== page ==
Phage biology and biocontrol
Our research group studies the biology and applications of bacteriophages, which are viruses that infect bacteria. Because of their natural ability to kill bacteria, there is renewed interest in using whole phages and/or phage enzymes and proteins to control pathogenic bacteria. However, effective use of phages requires knowledge of the basic biology of how phages interact with their host cells. In our lab we use a combination of genomic and genetic approaches to study phages infecting pathogenic bacteria, in particular Campylobacter, Salmonella and E. coli.
Phages are viruses that infect bacteria. Like all viruses, they do not have their own metabolism and require the energy and cellular machinery provided by a host cell to replicate. Phages are very host specific, often only infecting particular strains within a species, a reflection of the diversity of bacteria and the necessity for the phages to adapt to successfully infect them. Currently, our group is exploring the following research themes:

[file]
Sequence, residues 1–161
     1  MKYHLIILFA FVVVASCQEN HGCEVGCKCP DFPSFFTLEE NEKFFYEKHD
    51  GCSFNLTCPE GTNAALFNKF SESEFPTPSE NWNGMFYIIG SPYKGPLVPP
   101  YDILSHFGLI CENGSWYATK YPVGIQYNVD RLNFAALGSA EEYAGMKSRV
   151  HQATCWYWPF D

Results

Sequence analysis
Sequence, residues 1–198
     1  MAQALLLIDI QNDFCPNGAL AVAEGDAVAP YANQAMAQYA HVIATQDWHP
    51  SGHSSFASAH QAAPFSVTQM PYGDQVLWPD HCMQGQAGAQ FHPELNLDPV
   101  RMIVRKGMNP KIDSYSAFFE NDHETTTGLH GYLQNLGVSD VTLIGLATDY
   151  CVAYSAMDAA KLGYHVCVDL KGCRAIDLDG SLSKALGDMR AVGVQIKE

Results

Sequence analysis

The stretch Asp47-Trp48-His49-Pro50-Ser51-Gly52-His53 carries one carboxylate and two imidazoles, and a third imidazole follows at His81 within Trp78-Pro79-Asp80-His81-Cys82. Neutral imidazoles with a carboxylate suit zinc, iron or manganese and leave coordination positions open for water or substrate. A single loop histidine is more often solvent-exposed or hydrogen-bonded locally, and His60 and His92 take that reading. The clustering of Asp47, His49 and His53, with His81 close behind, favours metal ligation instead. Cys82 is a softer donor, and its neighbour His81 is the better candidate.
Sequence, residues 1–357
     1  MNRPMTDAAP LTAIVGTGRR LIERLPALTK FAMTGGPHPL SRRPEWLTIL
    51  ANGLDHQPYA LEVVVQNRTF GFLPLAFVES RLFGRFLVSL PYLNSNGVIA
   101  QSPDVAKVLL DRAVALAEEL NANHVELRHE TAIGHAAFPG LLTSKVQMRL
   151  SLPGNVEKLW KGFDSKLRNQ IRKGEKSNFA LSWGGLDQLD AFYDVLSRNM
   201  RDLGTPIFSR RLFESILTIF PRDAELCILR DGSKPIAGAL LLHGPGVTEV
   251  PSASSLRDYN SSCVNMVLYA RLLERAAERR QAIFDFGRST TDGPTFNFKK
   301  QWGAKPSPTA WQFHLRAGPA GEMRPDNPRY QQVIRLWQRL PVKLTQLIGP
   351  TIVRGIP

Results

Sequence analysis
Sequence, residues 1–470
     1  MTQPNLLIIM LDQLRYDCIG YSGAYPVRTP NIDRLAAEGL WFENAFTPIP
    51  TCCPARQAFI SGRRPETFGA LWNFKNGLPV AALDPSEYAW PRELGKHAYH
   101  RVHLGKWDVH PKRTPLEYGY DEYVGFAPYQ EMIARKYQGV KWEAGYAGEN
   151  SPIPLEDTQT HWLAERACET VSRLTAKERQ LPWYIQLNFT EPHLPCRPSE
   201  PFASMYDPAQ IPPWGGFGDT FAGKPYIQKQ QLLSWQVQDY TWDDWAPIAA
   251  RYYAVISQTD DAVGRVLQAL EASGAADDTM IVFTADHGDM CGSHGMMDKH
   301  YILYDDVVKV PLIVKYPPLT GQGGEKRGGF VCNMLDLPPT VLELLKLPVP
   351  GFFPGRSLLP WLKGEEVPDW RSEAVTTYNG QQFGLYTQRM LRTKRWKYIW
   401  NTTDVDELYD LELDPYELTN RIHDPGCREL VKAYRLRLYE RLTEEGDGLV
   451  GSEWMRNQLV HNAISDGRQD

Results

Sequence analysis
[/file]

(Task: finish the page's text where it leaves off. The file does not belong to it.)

Students! Looking for a research project?
We are always interested in recruiting talented and motivated students from all Universities within the area of veterinary medicine, biology, biology-biotechnology, bioinformatics, food science and others for Bachelor and Master projects.